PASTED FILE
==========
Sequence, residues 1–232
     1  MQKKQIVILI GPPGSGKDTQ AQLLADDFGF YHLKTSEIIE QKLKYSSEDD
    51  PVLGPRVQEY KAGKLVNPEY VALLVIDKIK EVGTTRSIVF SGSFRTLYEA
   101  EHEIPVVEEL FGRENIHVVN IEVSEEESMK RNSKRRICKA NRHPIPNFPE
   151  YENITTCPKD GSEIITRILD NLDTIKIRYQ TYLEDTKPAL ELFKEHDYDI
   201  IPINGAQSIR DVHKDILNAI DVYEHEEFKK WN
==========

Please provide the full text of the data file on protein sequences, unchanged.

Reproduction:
Sequence, residues 1–232
     1  MQKKQIVILI GPPGSGKDTQ AQLLADDFGF YHLKTSEIIE QKLKYSSEDD
    51  PVLGPRVQEY KAGKLVNPEY VALLVIDKIK EVGTTRSIVF SGSFRTLYEA
   101  EHEIPVVEEL FGRENIHVVN IEVSEEESMK RNSKRRICKA NRHPIPNFPE
   151  YENITTCPKD GSEIITRILD NLDTIKIRYQ TYLEDTKPAL ELFKEHDYDI
   201  IPINGAQSIR DVHKDILNAI DVYEHEEFKK WN